June 21 - A total of 27 coaches received illegal payments from the All Japan Judo Federation (AJJF), an independent panel investigating the misappropriation of funds has revealed in its report published today, which criticises the country's top-ranking officials, including President Haruki Uemura.
The Investigating Committee, headed by lawyer Takahiro Yamauchi, had already issued a damning mid-term report in April that had criticised the AJJF.
The Committee reported that former AJJF technical director and Board member Kazuo Yoshimura "must shoulder the heaviest responsibility," and that secretary general Kiyoshi Murakami and Uemura (pictured top) were also to blame.
It said Uemura also has to take responsibility for hiring Yoshimura.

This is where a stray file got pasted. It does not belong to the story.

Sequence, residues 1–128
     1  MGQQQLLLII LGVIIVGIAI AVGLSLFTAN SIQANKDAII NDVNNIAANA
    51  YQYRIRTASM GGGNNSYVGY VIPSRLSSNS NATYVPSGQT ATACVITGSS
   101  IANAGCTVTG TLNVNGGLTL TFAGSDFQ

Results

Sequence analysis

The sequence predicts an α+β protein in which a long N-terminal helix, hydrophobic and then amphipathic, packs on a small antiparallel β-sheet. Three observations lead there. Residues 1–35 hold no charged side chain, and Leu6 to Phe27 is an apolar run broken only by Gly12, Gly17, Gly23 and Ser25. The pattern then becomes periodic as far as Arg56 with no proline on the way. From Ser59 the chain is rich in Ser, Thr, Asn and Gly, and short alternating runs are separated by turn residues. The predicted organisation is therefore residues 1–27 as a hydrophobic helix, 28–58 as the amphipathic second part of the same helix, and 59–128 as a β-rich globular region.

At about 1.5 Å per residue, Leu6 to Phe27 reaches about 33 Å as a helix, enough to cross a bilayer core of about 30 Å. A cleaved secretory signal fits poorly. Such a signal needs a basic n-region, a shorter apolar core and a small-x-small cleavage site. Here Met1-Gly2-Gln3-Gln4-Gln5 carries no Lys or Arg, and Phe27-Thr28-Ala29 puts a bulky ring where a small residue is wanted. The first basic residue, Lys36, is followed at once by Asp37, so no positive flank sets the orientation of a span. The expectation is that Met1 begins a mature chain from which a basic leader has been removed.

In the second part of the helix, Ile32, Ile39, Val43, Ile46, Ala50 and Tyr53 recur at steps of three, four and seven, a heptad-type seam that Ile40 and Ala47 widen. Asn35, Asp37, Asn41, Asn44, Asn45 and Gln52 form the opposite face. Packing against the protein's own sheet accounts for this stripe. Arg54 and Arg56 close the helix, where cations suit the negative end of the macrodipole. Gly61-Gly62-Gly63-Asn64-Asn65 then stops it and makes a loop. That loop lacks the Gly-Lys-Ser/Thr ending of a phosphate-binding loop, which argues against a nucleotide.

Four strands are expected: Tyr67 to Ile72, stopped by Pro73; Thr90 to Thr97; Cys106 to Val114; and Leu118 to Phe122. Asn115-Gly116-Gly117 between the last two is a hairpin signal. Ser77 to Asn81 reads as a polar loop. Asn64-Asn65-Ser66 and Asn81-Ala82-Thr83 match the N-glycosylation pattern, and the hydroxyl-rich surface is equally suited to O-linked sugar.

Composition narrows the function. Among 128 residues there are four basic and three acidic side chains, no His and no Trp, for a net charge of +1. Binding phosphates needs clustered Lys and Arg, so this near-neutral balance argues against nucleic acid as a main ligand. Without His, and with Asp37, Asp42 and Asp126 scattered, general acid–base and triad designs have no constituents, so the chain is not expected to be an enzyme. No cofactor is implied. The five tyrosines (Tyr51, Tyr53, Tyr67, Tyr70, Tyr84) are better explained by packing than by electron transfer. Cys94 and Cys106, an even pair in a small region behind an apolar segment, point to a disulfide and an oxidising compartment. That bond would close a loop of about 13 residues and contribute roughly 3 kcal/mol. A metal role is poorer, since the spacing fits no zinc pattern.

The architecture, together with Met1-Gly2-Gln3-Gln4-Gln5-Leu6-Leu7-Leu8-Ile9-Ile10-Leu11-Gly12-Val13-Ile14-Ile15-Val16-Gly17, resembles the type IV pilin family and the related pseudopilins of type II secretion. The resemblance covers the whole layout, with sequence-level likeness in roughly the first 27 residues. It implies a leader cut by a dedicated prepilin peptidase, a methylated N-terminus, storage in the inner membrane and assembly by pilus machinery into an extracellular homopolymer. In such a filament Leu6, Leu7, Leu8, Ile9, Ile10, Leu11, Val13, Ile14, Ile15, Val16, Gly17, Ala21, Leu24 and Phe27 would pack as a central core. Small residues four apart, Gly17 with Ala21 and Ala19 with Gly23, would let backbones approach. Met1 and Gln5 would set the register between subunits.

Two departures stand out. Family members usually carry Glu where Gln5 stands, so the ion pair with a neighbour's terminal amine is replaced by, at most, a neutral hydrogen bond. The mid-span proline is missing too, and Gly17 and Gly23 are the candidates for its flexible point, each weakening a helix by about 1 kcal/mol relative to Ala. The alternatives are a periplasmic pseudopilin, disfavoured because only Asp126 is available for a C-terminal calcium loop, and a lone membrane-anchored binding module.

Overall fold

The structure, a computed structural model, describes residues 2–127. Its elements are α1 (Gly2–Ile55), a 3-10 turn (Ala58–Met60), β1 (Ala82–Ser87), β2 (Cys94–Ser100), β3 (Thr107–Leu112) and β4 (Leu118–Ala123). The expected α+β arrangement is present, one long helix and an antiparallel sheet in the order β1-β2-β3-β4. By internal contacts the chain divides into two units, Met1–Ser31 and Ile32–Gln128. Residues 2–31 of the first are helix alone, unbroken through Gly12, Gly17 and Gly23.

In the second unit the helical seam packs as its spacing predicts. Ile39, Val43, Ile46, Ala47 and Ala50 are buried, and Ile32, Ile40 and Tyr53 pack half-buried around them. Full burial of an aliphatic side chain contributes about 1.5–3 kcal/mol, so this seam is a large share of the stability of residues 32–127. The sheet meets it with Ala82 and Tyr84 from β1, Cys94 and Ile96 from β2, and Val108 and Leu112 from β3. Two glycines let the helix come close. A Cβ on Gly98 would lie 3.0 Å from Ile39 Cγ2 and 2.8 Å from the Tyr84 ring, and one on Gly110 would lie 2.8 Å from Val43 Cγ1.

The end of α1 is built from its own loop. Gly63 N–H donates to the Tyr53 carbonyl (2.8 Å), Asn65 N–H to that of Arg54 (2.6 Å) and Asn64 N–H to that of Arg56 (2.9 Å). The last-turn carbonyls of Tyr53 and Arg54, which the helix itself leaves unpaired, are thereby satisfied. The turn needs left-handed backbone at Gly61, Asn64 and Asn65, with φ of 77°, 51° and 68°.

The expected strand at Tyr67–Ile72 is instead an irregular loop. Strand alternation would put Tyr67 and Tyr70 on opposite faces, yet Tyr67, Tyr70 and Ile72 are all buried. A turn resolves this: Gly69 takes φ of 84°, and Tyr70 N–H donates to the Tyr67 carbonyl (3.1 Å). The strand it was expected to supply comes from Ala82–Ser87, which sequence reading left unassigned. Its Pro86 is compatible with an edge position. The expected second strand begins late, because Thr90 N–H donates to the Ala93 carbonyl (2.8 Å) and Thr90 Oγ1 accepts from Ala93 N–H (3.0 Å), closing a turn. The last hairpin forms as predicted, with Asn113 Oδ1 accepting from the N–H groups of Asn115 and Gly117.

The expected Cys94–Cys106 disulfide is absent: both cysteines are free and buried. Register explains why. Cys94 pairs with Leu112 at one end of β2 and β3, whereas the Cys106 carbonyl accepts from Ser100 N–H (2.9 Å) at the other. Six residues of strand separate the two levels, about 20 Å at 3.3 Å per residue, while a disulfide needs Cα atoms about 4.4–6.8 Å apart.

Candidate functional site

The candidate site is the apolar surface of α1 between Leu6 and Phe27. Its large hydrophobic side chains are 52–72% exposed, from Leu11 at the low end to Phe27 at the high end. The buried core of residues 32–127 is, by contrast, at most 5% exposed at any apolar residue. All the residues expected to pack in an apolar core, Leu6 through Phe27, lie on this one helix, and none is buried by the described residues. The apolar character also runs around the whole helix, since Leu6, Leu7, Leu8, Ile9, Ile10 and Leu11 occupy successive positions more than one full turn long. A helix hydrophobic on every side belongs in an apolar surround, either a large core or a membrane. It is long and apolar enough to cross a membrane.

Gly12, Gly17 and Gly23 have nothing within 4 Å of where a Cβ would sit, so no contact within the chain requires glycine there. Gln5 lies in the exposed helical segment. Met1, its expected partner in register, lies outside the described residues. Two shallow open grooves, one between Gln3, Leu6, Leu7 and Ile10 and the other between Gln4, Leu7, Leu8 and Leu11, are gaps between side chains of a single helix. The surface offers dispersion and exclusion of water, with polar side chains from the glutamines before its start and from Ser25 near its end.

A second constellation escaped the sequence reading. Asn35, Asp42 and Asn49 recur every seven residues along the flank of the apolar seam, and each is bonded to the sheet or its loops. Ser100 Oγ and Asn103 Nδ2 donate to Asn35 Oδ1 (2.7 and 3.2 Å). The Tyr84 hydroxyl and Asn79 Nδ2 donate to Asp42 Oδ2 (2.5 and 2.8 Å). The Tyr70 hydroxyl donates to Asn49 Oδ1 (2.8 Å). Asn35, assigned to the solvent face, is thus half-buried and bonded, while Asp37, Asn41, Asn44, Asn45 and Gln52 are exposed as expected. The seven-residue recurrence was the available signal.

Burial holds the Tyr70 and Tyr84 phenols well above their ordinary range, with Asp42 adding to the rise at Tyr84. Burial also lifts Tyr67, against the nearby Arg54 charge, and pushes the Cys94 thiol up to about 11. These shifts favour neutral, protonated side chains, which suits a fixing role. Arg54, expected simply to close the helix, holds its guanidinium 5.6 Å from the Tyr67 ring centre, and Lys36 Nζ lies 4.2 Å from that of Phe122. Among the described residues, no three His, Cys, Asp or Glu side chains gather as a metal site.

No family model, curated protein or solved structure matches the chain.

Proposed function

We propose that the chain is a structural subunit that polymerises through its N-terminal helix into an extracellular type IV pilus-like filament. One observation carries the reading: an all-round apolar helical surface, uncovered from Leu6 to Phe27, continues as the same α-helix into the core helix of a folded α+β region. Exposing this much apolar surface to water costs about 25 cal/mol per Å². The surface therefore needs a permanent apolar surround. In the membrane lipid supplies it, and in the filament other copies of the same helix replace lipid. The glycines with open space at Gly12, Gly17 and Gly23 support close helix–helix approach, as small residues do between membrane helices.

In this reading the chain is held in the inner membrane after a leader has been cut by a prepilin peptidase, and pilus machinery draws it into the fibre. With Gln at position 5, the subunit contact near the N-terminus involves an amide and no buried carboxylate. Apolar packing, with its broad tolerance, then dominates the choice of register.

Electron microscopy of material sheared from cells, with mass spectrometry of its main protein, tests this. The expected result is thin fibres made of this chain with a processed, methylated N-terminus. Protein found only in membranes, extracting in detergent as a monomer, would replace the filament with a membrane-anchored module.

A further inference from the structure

The report discovered that 12 of the 27 coaches did not qualify for subsidies during any of the periods, while 15 did for some of the period.
It branded a "development reserve fund" collected by the AJJF from subsidy recipients as "inappropriate".
Yamauchi warned that the AJJF should "take the report seriously and take appropriate action," adding it is "a last chance" to reform the body.
"Chairman Uemura is highly capable, but I want him to consider whether he has been taking the right measures," Yamauchi said.
Uemura, the 1976 Olympic open class gold medallist, had already vowed that he would not step down until he had overseen a reform of the AJJF, which had originally been plunged into crisis in January when it had been revealed that its coaches had been abusing female judokas in preparation for London 2012.
"I will double check and analyse the final report and discuss it thoroughly at a Board meeting [on Monday June 24]," said Uemura.
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